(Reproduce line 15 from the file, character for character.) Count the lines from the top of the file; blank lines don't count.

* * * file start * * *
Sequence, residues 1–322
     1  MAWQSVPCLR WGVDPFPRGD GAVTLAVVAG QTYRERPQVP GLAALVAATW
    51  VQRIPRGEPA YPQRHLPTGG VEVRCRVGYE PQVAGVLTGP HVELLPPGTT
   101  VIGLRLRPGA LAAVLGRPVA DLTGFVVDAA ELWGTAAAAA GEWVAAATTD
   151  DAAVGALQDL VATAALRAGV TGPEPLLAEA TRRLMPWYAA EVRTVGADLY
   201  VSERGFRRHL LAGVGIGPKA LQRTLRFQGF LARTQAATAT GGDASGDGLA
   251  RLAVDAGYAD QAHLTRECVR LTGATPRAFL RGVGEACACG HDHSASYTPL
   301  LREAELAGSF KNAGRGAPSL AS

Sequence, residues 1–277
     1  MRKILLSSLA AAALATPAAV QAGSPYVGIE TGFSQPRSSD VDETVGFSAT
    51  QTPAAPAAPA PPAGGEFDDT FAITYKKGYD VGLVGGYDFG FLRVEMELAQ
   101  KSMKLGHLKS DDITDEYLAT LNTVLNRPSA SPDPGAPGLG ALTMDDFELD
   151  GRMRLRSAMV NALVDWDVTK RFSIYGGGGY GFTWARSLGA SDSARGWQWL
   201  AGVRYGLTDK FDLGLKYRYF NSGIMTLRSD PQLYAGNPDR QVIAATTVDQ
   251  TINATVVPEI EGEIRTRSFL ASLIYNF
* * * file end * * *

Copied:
   251  TINATVVPEI EGEIRTRSFL ASLIYNF